To organise an event like this, it needs to have a lot of care and consideration taken into it. Brighton Palace Pier is the biggest landmark in the city, and it’s without saying, a much less stable environment to hold a gig than a pub or an O2 Academy.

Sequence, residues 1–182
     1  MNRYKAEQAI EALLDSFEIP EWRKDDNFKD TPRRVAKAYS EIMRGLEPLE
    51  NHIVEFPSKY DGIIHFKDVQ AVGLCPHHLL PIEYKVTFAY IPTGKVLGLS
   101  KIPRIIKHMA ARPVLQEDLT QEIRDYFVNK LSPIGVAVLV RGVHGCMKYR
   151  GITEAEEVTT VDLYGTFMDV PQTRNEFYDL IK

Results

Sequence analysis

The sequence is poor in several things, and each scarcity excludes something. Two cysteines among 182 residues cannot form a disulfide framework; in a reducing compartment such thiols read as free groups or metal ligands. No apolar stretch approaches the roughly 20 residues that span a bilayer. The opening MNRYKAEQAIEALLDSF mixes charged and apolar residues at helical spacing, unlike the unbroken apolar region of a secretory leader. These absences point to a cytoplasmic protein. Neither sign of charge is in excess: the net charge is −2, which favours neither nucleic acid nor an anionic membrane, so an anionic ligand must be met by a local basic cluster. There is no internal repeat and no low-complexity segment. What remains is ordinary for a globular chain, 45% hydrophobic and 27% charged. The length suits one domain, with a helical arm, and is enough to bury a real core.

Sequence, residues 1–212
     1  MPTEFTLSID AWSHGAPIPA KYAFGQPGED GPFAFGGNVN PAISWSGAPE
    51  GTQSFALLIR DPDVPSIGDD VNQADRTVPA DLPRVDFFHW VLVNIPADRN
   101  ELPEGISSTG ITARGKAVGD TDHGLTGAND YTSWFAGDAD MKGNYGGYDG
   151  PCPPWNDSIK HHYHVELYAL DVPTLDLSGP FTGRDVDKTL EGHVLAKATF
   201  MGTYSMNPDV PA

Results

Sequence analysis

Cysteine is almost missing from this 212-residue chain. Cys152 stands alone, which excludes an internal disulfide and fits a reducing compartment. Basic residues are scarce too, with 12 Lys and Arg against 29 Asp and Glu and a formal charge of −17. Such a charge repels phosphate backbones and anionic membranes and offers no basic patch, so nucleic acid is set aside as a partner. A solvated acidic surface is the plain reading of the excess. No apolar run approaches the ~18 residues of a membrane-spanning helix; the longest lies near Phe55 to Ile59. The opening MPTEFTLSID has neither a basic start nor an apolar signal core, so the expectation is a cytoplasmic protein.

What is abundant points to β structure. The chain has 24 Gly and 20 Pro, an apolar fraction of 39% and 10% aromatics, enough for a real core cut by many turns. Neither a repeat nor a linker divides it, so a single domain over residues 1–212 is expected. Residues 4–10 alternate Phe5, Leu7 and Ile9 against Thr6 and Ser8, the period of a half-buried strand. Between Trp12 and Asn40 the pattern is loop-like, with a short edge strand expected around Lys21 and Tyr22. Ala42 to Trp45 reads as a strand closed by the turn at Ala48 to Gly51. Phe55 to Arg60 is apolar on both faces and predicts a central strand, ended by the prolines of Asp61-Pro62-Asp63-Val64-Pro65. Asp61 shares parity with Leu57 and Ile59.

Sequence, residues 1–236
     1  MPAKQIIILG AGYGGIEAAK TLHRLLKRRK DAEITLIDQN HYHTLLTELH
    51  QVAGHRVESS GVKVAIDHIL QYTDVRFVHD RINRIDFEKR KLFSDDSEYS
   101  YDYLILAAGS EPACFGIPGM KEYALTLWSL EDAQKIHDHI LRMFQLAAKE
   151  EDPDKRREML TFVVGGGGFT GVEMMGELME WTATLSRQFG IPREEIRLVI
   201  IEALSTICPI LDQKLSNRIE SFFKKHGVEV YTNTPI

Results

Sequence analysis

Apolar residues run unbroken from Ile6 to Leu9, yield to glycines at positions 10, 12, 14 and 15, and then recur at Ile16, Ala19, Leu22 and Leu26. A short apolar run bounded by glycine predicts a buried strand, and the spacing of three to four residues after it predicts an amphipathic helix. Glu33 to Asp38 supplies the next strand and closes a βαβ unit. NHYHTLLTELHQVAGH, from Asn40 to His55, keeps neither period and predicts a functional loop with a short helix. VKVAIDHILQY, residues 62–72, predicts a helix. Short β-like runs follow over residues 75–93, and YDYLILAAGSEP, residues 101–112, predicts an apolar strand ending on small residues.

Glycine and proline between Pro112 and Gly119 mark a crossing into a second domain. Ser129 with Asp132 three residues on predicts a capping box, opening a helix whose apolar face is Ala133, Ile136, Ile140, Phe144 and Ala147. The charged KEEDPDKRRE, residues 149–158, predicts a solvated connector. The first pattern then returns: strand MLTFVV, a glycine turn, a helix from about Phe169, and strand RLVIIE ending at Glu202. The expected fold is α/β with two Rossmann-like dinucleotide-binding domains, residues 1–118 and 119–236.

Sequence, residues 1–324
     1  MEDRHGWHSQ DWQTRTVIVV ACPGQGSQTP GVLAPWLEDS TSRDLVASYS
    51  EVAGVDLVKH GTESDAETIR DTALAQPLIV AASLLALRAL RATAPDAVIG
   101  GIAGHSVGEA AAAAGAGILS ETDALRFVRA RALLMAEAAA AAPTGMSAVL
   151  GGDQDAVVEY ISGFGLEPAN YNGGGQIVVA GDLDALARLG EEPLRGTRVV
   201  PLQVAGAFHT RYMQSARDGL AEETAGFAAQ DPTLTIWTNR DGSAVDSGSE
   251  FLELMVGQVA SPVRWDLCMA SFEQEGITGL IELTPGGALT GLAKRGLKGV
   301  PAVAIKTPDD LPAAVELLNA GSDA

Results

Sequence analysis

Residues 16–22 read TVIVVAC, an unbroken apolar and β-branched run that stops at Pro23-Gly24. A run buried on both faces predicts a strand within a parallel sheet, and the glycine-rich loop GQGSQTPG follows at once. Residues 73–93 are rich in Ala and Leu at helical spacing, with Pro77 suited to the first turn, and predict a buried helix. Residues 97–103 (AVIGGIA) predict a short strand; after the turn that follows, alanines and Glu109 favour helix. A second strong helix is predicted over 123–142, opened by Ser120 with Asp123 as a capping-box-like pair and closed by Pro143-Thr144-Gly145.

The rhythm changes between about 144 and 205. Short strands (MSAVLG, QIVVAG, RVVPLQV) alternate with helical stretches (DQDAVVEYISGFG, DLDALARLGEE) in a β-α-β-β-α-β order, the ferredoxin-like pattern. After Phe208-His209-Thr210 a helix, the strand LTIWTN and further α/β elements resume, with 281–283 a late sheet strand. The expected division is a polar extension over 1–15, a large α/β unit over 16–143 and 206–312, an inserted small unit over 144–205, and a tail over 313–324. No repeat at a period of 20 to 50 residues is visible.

My first impression of the pier party was a mixture of impressed and confused, however I do believe if the weather wasn’t so utterly miserable, it would have been a different experience. That being said, that impression was on a constant decline. 5 minutes before Slaves were due on stage, I was greeted with barriers and a huge crowd to get into the area in which they were playing, which was an instant red flag. I poked my head through the plethora of people and noticed the biggest space was still available in the area for the gig, and nobody was allowed in. A sizeable surge of people broke through the barriers as Slaves came on, but I, unfortunately due to my ‘late’ arrival and being towards the back of this crowd, got stuck directly behind the barrier, directly in front of security so I witnessed their rude, abusive behaviour first hand. My friend asked one simple question, “why aren’t we getting let in?” and he was extremely nasty back to his innocent question. People started pushing and my foot got caught underneath the barrier, I asked a security guard to help me get my foot unstuck, no response. They were in general, very angry and abusive, and completely unnecessary.